"Religious fundamentalism arose, and they began to target women. They want women to go back to the home and not work. Male patriarchal culture does not accept that women are higher than men, because some women had education and got to work, and some men lagged behind and so one way to equalise status is to shock women and force a sexual situation on them anywhere.”

Police apathy

Right groups also believe that the distinct lack of police enforcement is an issue and that more effort on their part is needed if the blaze of sexual harassment is to be put out.

However, it appears actions undertaken by the authorities in the past have had a hand in the sudden explosion of sexual harassment incidents in Egypt. The Arabic daily Al Akhbar reports: “In May 2005, the police recruited paid gangs to sexually harass women taking part in marches in downtown Cairo. The protests were called by the opposition to encourage people to boycott a referendum on constitutional amendments.

"Back then, five human rights groups said that the testimonies they took directly from victims and eyewitnesses had established that ’the assaults perpetrated by the security personnel and the gangs of the National Democratic Party (the ruling party at the time), were not random incidents, but were carried out on specific orders aimed at humiliating women’...After this incident, sexual harassment spread across the country like wildfire.”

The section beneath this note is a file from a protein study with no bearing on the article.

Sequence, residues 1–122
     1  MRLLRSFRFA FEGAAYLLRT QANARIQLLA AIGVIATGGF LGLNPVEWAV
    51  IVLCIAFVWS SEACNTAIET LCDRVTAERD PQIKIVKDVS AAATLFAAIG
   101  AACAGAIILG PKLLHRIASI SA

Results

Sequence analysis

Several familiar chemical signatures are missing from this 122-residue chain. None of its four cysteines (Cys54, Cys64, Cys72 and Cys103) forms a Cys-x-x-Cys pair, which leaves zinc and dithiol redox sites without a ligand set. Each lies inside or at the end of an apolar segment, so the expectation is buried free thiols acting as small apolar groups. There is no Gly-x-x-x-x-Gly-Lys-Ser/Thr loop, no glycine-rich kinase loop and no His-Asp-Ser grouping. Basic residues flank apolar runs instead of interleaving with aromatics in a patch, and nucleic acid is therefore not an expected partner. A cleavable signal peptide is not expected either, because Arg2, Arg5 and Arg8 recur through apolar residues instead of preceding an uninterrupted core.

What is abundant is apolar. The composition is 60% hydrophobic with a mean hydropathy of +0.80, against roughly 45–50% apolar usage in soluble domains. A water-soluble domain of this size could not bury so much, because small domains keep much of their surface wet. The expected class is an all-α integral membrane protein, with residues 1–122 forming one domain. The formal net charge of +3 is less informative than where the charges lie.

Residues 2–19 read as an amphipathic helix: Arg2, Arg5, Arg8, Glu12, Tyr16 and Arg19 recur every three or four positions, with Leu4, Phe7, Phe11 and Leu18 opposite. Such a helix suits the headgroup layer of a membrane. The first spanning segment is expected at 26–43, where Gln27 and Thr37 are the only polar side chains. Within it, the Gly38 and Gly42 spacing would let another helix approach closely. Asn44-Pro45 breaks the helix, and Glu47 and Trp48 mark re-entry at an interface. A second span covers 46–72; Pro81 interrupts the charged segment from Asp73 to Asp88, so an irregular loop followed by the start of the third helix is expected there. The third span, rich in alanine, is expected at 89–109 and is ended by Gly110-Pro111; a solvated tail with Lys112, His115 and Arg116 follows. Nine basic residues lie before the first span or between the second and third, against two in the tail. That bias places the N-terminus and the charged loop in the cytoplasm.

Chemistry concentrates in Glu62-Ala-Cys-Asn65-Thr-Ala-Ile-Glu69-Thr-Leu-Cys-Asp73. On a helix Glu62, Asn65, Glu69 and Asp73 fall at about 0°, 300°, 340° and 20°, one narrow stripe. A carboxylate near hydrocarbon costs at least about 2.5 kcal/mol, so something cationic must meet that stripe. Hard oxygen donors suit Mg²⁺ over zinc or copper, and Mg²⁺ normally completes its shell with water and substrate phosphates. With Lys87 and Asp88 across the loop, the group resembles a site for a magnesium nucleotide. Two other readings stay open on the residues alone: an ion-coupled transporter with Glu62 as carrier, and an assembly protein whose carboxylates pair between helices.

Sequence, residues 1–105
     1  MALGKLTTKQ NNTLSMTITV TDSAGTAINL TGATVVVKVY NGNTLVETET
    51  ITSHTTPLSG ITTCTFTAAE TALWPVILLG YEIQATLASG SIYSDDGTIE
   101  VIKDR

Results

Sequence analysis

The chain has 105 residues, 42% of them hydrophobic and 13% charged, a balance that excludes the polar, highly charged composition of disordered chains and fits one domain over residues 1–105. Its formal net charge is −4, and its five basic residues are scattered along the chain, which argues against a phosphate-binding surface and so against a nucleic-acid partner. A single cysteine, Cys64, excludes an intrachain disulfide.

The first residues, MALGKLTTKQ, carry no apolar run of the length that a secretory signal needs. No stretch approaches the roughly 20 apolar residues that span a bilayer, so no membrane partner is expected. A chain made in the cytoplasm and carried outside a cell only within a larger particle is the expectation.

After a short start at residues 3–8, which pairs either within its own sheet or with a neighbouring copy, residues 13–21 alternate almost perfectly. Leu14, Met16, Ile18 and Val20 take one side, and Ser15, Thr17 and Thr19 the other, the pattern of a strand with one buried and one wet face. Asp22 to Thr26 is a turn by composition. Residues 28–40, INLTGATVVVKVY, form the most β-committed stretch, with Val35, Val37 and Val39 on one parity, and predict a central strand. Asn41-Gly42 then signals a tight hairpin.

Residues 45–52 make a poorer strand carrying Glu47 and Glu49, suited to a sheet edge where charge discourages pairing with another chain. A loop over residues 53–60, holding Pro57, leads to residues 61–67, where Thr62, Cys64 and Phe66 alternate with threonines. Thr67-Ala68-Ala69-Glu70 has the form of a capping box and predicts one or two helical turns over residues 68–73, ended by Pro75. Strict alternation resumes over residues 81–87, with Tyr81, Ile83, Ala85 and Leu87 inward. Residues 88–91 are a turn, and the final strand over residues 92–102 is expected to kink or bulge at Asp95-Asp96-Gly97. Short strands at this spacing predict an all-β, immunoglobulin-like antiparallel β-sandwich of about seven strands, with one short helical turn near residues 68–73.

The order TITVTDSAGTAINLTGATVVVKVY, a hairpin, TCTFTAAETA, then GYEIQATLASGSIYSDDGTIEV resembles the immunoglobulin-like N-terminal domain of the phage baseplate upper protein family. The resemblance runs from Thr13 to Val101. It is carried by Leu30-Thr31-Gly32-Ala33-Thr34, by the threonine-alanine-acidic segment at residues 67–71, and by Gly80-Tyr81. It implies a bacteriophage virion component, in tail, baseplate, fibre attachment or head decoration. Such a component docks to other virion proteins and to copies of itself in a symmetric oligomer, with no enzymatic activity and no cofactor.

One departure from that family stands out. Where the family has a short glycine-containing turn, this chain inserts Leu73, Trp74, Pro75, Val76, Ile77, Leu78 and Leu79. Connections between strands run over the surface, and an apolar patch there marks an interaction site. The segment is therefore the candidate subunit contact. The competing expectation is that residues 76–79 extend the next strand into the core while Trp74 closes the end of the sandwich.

This graffiti picture reads no to sexual harassment.

A number of other studies have also shown that various other factors have had a significant say as the “vast majority of Egyptians believe sexual harassment against women is on the rise in Egypt, because of economic conditions, the lack of awareness and the lack of religious values”. Not reporting harassment has also been cited as a reason for its continuation and increase as only 2.4 per cent of victims file a case with the police while 96.7 per cent of Egyptian women do not seek police assistance. Many believe increased citations would force the hand of the authorities into taking action.

In regards to legislature, there is not one article in the constitution that directly addresses nor explicitly defines sexual harassment but there are some that are applicable.

Taken initiative